Quebec City blends European elegance with new world charm. The beautiful city is rich with civic pride and steeped in history. Easy to navigate, its affordable restaurants and hotels, stunning views and historical and cultural sites draw visitors to the French-speaking city year-round. Despite having less than 500,000 residents — less than a third of nearby Montréal — more than 2 million visitors flock to the picturesque city each year. Boutiques and cafés line the streets, horse-drawn carriages clop along cobbled avenues past heritage homes, musicians do their darnedest to serenade passersby and the St. Lawrence River rushes on, indifferent, behind it all.
Utterly walkable, Old Quebec packs nearly 100 restaurants into its tiny streets. Quebecois cuisine could best be described as French with local ingredients, and it goes far beyond the maple syrup for which the province is so justifiably renowned. There's a laudable focus on local cheeses, game and produce. Traditional fare includes tourtière with its flaky, buttery crust and seasoned meat filling, crêpes, croissants or rich cretons pork spread (try it on toast for a hearty breakfast). Snacks include fresh, salty cheese curds sold in plastic bags at neighborhood corner stores or dépanneurs. And if you visit during the "sugaring off" season from late February to May, don't leave without heading out of town to a sugar shack to see how maple sap is harvested and to eat a breakfast of pancakes, eggs, bacon, baked beans and other maple-drenched treats.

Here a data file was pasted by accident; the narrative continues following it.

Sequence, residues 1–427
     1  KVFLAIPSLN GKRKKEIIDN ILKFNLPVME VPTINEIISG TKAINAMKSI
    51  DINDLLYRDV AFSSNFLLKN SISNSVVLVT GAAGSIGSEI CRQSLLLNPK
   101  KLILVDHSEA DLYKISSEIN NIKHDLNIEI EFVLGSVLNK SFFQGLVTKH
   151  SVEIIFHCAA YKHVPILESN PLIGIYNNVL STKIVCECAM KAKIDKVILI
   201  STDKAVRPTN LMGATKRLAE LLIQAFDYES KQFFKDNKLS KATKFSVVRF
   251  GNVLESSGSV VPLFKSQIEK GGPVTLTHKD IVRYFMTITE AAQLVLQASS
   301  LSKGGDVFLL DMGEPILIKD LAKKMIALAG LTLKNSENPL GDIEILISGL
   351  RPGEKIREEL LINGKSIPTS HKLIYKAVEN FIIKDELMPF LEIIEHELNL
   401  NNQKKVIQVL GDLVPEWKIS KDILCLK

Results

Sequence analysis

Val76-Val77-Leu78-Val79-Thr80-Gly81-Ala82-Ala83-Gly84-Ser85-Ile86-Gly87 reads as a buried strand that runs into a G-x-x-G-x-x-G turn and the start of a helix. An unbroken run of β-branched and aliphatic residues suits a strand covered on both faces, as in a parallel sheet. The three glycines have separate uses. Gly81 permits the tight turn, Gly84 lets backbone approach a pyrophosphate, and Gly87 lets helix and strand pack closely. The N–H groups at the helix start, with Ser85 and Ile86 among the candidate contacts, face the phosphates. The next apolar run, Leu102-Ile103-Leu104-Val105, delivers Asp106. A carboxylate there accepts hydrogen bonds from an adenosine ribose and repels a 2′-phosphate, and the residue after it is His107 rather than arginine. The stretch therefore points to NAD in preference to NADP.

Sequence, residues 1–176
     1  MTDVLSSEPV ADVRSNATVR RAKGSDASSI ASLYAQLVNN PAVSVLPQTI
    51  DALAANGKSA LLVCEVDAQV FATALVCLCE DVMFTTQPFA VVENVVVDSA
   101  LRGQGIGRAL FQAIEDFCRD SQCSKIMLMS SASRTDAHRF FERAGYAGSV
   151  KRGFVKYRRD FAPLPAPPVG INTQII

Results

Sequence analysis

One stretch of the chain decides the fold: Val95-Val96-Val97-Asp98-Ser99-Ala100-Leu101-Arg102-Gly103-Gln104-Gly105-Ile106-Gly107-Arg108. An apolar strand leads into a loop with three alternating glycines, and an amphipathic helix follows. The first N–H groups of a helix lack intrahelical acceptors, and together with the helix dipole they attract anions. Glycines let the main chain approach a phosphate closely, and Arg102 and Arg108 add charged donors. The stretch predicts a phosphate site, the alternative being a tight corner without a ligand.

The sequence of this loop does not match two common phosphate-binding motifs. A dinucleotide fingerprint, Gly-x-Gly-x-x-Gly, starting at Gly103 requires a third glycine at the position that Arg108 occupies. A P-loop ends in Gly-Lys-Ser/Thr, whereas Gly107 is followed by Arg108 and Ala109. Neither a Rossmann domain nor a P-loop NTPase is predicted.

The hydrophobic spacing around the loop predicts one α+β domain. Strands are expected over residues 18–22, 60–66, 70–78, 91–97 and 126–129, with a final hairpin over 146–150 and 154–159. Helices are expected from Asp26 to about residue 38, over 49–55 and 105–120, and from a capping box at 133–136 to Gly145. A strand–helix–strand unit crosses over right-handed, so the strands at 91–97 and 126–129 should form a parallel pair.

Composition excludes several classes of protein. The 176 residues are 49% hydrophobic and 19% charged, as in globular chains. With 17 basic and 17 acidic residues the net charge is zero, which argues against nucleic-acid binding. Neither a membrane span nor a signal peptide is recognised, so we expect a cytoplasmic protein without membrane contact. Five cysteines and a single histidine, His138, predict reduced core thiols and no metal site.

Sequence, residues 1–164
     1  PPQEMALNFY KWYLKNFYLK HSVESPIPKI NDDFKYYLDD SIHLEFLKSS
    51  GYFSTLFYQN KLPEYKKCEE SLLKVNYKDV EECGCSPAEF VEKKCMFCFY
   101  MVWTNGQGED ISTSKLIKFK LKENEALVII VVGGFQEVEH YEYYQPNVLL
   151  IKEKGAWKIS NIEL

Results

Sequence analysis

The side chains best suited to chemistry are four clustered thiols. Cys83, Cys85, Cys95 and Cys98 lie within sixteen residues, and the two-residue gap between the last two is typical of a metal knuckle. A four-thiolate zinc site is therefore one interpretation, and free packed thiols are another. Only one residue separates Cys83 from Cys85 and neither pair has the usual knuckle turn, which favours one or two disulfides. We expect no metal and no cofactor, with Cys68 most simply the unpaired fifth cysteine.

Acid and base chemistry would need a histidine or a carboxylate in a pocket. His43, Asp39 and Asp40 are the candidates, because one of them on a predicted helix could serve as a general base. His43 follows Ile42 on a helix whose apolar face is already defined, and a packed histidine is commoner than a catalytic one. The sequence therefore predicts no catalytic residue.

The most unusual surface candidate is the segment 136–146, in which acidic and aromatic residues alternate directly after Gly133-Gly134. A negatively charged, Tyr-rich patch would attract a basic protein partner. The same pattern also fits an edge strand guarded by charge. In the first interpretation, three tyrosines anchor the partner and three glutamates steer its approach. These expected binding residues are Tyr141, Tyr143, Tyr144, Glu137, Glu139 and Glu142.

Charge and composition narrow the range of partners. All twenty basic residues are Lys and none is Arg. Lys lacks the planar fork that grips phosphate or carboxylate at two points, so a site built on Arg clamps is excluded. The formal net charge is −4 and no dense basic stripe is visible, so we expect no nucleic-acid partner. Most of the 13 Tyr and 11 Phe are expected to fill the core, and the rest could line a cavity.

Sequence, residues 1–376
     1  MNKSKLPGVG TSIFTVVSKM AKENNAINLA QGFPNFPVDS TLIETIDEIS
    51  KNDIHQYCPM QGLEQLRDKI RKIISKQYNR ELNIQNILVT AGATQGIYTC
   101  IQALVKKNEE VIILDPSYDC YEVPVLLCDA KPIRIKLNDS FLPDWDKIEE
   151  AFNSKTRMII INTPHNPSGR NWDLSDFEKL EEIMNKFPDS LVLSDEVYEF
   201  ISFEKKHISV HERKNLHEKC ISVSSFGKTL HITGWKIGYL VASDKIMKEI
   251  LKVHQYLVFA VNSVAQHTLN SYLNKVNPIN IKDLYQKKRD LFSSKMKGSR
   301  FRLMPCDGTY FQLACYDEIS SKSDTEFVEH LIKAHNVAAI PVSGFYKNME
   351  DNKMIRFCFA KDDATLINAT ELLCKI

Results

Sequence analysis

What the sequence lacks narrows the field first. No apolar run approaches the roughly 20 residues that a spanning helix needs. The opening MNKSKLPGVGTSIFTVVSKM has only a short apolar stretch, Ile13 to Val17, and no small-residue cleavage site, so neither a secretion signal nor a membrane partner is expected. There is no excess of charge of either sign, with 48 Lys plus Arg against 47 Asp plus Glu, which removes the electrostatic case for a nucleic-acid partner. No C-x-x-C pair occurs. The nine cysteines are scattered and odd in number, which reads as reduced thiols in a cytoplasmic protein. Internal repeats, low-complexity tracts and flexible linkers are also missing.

Quebec City has the sophistication of a much larger city, but can be fully appreciated in just a few days — as evidenced by the sheer array of luxury accommodations. Historic buildings in the Old City have been repurposed as boutique hotels, such as Auberge Saint-Antoine, Hôtel Le Priori and Le Saint-Pierre. There are also several grand old hotels, including the Chateau Frontenac, which are bargain priced compared to counterparts in many European cities.
Major credit cards are accepted at most hotels, restaurants, stores and attractions. If you need cash, you can get Canadian dollars at ATMs all across Québec City. Enjoy your trip!
QUEBEC CITY, CANADA DAY 1: PLACE-ROYALE, FAIRMONT LE CHÂTEAU FRONTENAC AND QUARTIER PETIT CHAMPLAIN
Almost all boutique hotels in the Old City offer an inclusive complimentary breakfast of bagels, cold cuts and pastries. If your accommodations lack this amenity, break the fast at Café de Paris' attached l'Omelette restaurant, with a full range of eggs and pastries served all day. Then head off to explore the walled city and the heart of Old Québec by foot. The area was named a UNESCO World Heritage Site in 1985, but this 400-year-old city is a living, working place. Start at the Place-Royale, where explorer Samuel de Champlain constructed his first building in 1608. The area was the city's financial center in the 1800s, but during the last century it lay derelict and slummy, so boutiques and businesses migrated elsewhere in the area. Just a couple of decades ago though, the city rebuilt sturdy stone , Norman-style edifices using building plans from 1700, (adapted to Canadian winters with sloped or mansard roofs with deep overhangs) and businesses flocked back.